Showing hydrogen bonds with Pymol: A -> find -> polar contacts -> within selection The respective amino acids were colored by element, s.t. oxygen is red, nitrogen is blue, hydrogen is white and sulfur is yellow.

The following figures show the hydrogen bonds between the wildtype residue and its environment compared to the formation of hydrogen bonds when the corresponding residue is mutated.

Figure 4: Hydrogen Bonds for tyrosine on pos 438 in the wild type structure
Figure 5: Hydrogen Bonds for asparagine on pos 438 in the mutated type structure

The hydrogen bond donor property of the amino acid on position 438 is maintained but the bond seems to be between different sidechains now (Compare Figure 4 and 5). This substitution also disturbs the hydrogen bonding network of our protein.

foldX Energy Comparison

We used the foldX tool to compare the energy of the wildtype protein and the mutated structure. The following table shows the calculated energy values as well as the percentage of difference, to compare the energy calculations with other tools:

Energy wildtype energy total energy of mutated protein difference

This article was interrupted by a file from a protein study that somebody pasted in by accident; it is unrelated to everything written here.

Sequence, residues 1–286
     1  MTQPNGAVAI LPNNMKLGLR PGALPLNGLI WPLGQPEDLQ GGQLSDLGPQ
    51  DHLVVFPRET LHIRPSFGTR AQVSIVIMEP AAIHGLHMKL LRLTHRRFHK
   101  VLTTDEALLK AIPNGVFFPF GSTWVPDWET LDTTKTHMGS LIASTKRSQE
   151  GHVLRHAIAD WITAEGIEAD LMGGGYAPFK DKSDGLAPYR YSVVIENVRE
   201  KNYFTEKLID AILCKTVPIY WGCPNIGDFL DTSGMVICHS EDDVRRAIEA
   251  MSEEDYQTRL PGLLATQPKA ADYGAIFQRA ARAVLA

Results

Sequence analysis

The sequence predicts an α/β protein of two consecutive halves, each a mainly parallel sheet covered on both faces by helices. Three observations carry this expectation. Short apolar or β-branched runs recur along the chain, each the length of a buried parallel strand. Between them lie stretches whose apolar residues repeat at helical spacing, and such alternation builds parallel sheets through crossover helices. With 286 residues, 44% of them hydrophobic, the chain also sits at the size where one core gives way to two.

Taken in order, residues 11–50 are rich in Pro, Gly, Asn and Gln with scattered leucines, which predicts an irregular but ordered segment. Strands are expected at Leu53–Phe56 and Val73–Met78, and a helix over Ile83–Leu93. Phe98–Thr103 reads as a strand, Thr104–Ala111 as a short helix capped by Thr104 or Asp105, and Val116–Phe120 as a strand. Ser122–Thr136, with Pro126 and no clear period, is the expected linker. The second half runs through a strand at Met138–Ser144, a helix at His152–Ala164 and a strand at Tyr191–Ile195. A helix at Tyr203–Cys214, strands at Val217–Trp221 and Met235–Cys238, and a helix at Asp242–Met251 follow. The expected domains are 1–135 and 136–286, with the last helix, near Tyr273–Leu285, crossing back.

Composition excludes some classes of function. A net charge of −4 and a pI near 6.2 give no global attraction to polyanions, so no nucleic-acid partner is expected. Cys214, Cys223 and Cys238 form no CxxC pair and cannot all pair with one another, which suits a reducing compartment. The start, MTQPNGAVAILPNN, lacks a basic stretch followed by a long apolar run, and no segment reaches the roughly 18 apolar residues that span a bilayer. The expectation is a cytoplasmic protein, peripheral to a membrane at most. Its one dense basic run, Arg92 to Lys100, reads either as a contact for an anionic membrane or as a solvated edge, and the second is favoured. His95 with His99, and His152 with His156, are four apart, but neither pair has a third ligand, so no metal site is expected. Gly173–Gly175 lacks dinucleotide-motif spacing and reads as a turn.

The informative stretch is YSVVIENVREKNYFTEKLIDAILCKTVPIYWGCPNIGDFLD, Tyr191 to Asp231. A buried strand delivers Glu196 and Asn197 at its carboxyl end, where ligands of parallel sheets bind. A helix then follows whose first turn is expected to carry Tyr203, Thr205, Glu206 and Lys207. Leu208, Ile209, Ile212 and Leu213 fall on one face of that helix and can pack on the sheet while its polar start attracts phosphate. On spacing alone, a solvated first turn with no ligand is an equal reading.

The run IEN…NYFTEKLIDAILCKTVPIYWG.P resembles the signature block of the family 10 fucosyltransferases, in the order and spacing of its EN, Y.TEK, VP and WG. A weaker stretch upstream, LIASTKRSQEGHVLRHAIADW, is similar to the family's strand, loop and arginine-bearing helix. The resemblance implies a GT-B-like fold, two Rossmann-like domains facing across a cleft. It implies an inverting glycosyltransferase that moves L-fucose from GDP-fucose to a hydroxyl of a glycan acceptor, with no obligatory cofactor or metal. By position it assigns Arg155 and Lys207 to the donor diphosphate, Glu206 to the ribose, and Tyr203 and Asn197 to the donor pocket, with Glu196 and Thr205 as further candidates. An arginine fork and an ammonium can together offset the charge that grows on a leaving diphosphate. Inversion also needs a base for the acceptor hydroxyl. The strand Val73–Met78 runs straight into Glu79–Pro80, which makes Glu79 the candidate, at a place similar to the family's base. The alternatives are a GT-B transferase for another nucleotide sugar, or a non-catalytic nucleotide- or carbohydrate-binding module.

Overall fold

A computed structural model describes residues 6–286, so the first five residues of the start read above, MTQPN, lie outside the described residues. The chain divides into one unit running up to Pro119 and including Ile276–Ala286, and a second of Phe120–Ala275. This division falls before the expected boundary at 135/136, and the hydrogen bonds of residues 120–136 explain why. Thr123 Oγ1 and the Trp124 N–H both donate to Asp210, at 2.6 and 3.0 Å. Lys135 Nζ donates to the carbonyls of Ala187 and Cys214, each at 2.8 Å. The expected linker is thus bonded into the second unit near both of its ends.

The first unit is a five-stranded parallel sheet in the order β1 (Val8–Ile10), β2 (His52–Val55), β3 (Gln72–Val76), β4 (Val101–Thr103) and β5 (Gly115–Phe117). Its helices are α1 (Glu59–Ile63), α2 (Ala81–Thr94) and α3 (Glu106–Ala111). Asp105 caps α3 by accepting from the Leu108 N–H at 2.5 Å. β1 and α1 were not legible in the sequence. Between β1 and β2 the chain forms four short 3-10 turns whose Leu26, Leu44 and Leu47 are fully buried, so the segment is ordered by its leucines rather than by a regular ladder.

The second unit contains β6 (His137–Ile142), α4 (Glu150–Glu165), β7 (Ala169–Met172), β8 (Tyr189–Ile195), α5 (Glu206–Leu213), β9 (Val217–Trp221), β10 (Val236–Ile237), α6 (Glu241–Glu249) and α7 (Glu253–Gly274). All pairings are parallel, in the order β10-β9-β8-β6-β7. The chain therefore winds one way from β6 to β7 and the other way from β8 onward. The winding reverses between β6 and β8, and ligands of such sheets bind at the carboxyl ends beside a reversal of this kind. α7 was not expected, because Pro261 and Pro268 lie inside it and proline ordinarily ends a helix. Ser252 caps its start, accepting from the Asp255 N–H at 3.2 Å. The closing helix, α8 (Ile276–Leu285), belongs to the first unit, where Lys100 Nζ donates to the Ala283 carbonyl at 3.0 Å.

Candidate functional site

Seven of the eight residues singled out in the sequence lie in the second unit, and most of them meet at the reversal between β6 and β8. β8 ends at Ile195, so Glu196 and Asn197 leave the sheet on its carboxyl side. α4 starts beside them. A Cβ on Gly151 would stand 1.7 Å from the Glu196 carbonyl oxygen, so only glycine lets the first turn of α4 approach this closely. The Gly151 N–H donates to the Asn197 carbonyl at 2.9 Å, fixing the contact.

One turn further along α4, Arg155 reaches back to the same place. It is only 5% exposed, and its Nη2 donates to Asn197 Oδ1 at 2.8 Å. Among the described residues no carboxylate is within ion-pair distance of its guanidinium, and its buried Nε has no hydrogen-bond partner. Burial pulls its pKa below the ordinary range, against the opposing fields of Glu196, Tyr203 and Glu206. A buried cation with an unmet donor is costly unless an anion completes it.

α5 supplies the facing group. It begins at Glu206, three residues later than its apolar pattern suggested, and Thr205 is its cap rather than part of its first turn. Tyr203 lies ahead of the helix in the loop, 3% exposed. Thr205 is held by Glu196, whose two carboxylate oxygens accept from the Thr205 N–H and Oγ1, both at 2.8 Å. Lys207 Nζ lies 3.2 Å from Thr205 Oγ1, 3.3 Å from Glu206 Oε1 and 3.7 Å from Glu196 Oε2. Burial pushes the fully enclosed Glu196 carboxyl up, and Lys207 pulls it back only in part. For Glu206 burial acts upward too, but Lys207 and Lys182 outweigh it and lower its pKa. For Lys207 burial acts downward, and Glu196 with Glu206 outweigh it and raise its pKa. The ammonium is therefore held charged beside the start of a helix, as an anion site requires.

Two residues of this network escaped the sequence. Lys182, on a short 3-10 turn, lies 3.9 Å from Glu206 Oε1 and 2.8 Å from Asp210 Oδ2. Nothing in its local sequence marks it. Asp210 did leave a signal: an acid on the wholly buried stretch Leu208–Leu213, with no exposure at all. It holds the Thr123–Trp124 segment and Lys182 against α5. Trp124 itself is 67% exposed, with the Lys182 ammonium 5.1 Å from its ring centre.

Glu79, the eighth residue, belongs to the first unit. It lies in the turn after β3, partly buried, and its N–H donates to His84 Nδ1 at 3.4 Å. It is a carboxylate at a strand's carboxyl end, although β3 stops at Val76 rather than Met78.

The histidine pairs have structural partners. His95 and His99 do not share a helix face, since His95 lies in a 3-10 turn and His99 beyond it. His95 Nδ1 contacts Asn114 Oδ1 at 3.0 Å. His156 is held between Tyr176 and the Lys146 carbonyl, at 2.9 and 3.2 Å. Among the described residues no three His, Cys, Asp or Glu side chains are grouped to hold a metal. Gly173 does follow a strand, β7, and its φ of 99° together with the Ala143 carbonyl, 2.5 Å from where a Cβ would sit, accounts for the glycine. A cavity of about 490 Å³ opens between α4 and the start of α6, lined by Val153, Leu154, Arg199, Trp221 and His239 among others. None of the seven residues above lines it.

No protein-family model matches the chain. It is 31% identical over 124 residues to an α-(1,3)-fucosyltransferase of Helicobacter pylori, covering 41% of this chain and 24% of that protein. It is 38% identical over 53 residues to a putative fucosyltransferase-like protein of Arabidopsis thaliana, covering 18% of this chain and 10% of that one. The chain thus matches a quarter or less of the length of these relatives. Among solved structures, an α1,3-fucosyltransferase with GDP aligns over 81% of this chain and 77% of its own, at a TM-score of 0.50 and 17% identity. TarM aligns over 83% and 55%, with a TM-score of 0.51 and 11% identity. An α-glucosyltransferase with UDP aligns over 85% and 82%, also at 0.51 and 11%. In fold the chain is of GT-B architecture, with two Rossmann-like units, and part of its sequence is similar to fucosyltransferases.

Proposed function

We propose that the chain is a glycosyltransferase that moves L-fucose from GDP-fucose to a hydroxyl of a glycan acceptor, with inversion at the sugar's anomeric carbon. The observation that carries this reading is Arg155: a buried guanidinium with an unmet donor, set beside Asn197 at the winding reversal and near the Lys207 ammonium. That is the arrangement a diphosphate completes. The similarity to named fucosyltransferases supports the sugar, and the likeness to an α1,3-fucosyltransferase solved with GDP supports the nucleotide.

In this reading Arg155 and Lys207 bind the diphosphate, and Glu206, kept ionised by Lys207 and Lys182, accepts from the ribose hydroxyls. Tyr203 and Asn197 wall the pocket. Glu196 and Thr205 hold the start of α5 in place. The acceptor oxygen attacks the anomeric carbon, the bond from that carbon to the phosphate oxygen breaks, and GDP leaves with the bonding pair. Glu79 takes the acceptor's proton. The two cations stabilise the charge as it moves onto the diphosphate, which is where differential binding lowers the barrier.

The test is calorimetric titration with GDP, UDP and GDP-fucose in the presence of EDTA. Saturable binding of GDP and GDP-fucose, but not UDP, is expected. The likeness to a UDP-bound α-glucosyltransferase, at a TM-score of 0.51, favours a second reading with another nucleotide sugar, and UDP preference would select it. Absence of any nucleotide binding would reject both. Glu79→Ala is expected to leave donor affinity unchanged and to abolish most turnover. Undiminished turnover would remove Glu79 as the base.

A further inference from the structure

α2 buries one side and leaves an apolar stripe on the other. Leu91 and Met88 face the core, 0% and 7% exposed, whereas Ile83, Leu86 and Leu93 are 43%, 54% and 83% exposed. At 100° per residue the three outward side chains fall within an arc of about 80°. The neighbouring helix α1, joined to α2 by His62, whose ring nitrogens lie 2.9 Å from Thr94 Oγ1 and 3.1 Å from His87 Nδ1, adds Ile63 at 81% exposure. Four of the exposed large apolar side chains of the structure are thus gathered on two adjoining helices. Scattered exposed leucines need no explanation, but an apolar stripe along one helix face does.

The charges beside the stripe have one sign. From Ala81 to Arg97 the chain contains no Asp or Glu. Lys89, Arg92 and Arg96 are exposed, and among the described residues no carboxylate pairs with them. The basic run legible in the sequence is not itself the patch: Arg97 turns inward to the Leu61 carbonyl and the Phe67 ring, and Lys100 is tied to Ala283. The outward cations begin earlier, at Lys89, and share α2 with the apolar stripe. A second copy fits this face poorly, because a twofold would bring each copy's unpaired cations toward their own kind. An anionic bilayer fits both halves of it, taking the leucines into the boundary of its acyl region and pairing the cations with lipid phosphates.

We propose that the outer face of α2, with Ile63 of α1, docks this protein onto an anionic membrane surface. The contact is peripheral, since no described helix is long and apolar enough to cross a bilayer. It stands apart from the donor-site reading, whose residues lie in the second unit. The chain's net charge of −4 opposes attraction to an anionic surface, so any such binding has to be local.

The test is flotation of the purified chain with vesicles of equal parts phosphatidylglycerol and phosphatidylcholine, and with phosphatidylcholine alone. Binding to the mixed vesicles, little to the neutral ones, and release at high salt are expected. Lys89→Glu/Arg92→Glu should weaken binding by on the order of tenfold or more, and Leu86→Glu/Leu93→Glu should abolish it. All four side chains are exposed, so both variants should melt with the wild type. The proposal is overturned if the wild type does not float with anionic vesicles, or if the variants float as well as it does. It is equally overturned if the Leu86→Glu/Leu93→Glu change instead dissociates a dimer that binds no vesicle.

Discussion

absolute 401.00 431.56 30.56
relative 100% 107% 7%

The total energy of the mutated structure is a little bit higher than the energy of the wildtype protein structure. As protein energies should be low for a stable protein, the increasing energy leads to the assumption that this mutation might be damaging for the protein structure.

minimise Energy Comparison

Next we used the minimise tool to compare the energy of the wildtype protein and the mutated structure. The following table shows the calculated energy values as well as the percentage of difference, to compare the energy calculations with other tools:

Energy wildtype energy total energy of mutated protein difference
absolute -2485.452755 -4339.778964 -1854.326209
relative 100% 57% 43%

The mutated structure has an energy that is much smaller than the wildtype

gromacs Energy comparison

The Gromacs energy comparison was conducted using the AMBER03 force field. The following table shows the calculated energies for the wildtype protein structure.

Energy Average Err.Est RMSD Tot-Drift (kJ/mol)
Bond 3072.83 2200 -nan -13100.2
Angle 3616.97 230 -nan -1295.57
Potential 2.67001e+07 2.6e+07 -nan -1.60382e+08

Here are the results for the mutated protein structure.

Energy Average Err.Est RMSD Tot-Drift (kJ/mol)
Bond 3141.2 2300 -nan -13216.1
Angle 3672.66 290 -nan -1550.04
Potential 8.33e+06 8.1e+06 -nan -4.94e+07


As we want to compare the Gromacs energies with the other tools, we calculate the ratio of difference considering the potential energy:

Energy wildtype energy total energy of mutated protein difference
absolute 2.67001e+07 5.16e+06 -18370100
relative 100% 19% 81%

The calculated energy for the mutated structure is much smaller than for the wildtype structure.

Conclusion

return to Structure-based mutation analysis